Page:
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Talking to One of Jamaica’s Most Exciting Dancer-Choreographers – Neila Ebanks
YE: Why did you become an artist/dancer and when did you first become a dancer?
Neila: I think I was born. My dance story begins when I was 3-4 years old. My mom sent me to a dance club, and I rehabilitated my too pigeon toe, and I’ve been dancing ever since. It is a natural language for me, like breathing.
My art chose me. I was not the instigator of the relationship. But every day I make the choice to affirm my soul by connecting with Dance. This is really reassuring for me.
EE: How would you describe your work?
Neila: Psychological, cathartic, layered. I rarely go for the easy or the obvious. I think I use my choreography to challenge and practice my own views on life and life. My favorite form of dance has always been modern dance because it can be almost anything you do.
EE: What kind of dancing do you do?
Neyla: I am a contemporary dancer who likes to improvise.
EE: If so, which company/group do you dance with?
Neila: Currently I dance with eNKompan.E, which is my own company… one. I have previously performed and toured with Stella Maris Dance Ensemble, The University Dance Society, The NDTC, L’ACADCO, Dance Theater Xaymaca and several UK companies.
EE: What artists/dancers have influenced you and how?
Neila: I am indebted to many people. My first dance teachers, Monica Lawrence, Carol Murdock (now deceased) and Patsy Ricketts, nurtured my passion for dance from an early age without patronizing it.
I was treated as a young artist and learned a lot of professionalism and respect for my art from these teachers. Patsy in particular gave me a great example of how to reflect on a performance. I carry it with me to this day. Nicolene DeGrasse-Johnson, who is now the Director of the School of Dance, also influenced me. Through her example, I understood the fundamental importance of the educational potential of dance.
My years at UWI saw me work with Joseph Robinson, L’Antoinette Steens and Howard Daly, each of whom broadened the horizons of dance for me, showing me a different angle, a different side of the prism, another possibility – L’Antoinette with Countess connecting with spirits and ancestors through dance; Joe, with his consistently energetic suggestions about the impossible; Howard is willing to take risks with content and presentation.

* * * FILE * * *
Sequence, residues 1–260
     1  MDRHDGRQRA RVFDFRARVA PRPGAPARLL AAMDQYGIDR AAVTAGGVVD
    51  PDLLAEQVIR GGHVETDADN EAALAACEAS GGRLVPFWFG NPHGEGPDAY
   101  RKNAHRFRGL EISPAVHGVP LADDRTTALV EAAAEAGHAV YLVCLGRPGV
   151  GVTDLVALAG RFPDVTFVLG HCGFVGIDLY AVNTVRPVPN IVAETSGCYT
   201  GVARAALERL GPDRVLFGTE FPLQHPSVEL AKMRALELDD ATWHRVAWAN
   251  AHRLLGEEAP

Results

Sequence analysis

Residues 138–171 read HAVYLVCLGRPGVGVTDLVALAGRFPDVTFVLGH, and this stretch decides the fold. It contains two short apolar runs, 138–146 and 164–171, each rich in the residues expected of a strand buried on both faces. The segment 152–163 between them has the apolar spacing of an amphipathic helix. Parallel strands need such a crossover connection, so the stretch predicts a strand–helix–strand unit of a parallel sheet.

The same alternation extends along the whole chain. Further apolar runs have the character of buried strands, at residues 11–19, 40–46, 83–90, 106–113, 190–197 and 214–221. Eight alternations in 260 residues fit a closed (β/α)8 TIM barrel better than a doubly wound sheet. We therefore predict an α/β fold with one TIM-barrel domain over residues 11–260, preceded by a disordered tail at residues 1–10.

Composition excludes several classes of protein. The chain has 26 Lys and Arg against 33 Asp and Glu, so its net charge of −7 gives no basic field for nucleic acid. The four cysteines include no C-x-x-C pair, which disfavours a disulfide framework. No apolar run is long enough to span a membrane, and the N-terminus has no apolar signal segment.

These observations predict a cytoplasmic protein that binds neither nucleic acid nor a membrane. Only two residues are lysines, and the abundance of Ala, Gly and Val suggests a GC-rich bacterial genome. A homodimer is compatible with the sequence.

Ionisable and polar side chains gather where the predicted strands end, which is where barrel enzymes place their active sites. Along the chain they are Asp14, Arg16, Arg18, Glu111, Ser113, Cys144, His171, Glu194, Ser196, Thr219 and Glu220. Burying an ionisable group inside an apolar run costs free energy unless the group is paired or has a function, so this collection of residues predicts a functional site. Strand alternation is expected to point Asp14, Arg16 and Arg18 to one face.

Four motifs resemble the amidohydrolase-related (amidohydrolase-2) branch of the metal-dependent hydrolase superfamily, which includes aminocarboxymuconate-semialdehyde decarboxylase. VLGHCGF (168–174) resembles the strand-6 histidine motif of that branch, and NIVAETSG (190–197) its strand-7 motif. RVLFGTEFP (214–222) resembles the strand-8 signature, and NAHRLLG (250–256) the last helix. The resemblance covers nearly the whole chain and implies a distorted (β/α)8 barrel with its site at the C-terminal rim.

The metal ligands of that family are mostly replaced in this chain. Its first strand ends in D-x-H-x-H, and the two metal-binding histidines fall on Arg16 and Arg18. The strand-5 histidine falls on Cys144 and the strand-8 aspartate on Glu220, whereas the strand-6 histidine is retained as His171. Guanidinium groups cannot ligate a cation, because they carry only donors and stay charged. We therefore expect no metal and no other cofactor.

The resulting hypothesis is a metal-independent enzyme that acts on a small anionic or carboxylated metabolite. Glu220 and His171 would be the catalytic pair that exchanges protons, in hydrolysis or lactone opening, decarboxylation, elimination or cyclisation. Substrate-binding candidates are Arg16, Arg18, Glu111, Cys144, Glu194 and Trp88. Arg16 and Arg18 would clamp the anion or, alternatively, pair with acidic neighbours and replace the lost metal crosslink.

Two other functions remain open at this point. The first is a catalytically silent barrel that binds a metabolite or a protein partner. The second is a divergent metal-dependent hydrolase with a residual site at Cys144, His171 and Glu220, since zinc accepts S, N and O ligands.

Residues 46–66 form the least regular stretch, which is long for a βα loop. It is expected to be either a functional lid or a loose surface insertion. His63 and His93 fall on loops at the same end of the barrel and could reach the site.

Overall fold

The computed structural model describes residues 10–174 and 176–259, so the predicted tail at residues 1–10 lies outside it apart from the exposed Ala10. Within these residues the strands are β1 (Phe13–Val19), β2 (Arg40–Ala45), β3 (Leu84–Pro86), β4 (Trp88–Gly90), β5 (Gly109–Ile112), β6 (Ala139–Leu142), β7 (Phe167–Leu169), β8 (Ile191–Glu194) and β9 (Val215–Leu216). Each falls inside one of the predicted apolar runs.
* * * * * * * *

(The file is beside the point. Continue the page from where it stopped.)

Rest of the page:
Needless to say (but I will) I was also influenced by Professor Rex Nettleford and the NDC. Every summer of my dance year was spent immersed in choreography, stagecraft, and performance classes during the UDET dance season. Furthermore, Professor Nettleford’s bilingual mind (artistic and verbal) helped me to master both sides of myself and see the wonderful harmony of a critical mind and a moving body.
The teachings of Arsenio Andrade, Principal Dancer and Cuban-Contemporary Techniques teacher at the National Dance Academy, played an important role in his understanding of the relation of the body to rhythm and space. I’ve also been blessed with contemporaries like Chris Walker, Shelley-Ann Maxwell, Marlon Simms, Michael Holgate, and Oniel Price who strengthen my resolve every day in their desire to find their voice through choreography and performance.
Internationally, I have been influenced by the work of many contemporary choreographers including Jiri Kilian, Lloyd Newson (DV8 Physical Theatre), Ulysses Tauve, Bill T. Jones, Twyla Tharp and Mia Michaels.
EE: What other interests do you have besides dancing?
Neila: I like to read almost anything. I also practice yoga. I intend to practice horse riding and karate.
EE: What motivates you to stay motivated in difficult times?
Neila: A dream in my heart. When I’m in trouble, I need to turn inward and remember that dream and the sense of rightness that comes from that dream.
YE: Who are your favorite dance companies?